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Spring is in the air, and that means many exciting activities at the AHA

Guest Blogger: Erin Bennett, Idaho Government Relations Director

The legislative session will wrap up any day but we are happy to announce the Governor signed the appropriations bill for the Millennium Fund, with $4.7 million dedicated to tobacco prevention, cessation, and treatment. That is an increase of over $1.5 million from last year’s funding. During session we were also able to discuss with Legislators the importance of physical education and nutrition in schools, and will work during the interim with Legislators, the Department of Education, and other organizations to improve the health of all Idaho students.

Another big spring event for the American Heart Association is our annual Heart and Stroke Walk. We are in the middle of preparations for the walk, which will take place on Saturday, May 16, 2015 at Julia Davis Park in Boise. We have a number of teams signed up but it’s not too late to register if you are interested in participating in this great event. We are excited to have people join us at this free community event promoting heart health.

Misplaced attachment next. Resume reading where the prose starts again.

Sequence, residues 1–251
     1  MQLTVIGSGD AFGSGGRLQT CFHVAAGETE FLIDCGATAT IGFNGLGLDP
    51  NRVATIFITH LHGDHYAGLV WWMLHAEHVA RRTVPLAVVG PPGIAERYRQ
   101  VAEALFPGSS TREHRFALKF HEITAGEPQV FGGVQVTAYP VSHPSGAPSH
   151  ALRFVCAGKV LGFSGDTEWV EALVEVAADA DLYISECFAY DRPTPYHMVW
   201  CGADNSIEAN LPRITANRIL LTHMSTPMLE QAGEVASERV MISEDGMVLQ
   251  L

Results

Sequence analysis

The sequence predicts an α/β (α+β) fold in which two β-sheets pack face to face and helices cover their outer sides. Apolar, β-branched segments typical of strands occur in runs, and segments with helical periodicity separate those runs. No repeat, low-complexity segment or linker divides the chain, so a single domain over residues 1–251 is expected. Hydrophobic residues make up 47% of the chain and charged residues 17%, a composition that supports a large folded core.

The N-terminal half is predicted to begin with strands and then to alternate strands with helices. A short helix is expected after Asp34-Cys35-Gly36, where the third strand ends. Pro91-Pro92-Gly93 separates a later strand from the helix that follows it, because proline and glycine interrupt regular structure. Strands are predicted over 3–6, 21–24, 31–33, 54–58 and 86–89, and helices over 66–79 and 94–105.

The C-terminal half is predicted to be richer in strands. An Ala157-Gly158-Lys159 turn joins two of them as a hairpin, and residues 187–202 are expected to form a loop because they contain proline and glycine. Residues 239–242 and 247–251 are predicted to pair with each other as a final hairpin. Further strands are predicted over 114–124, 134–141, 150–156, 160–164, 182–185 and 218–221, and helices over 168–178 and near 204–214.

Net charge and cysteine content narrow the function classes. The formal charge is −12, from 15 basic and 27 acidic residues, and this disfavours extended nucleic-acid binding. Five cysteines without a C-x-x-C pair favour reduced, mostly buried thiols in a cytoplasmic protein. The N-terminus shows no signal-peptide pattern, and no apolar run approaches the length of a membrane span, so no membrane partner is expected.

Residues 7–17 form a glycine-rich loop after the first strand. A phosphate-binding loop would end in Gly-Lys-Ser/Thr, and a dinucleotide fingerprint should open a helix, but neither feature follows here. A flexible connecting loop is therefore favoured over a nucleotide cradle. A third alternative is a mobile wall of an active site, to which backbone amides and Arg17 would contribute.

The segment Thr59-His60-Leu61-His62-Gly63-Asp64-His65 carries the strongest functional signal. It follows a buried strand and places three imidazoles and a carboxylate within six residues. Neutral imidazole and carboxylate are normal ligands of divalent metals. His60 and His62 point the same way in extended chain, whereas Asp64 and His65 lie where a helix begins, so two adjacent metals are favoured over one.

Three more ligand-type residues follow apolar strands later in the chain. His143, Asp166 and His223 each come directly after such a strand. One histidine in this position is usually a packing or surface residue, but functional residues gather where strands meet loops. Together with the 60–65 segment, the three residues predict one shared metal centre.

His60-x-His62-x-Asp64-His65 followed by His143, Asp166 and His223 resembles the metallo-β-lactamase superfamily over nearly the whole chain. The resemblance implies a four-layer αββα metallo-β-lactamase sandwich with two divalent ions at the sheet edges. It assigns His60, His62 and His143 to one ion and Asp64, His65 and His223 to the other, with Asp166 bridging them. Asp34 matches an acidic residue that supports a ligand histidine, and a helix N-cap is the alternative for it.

Make sure to swing by the Advocacy booth to learn more about what we will be working on in the upcoming months. We will be spreading the word on our efforts to help cities go smoke free, helping eliminate the harms of second hand smoke on workers throughout Idaho. We will also be educating people on the high amount of sodium in most of our diets and how it effects our heart health. Be sure to sign the sodium pledge and commit to reducing your sodium intake in an effort to love your heart.

I encourage you to join us for the Heart Walk, gather your own team, or join a friend’s and register here: Boise Heart Walk. Stop by our booth and learn about all the exciting things we’ll be doing over the next few months to advocate for the health of all Idahoans.

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Help us Take 5 for the Pledge

 

Thank you for your continued support of the American Heart Association’s lifesaving mission.

Recently, we developed a full and robust campaign to help us drive sodium awareness and reduction efforts, featuring the tagline: “I love you Salt, but you’re breaking my heart.”



The goals of the campaign are:

  • increase awareness of how much sodium we eat and the impact excess sodium has on our health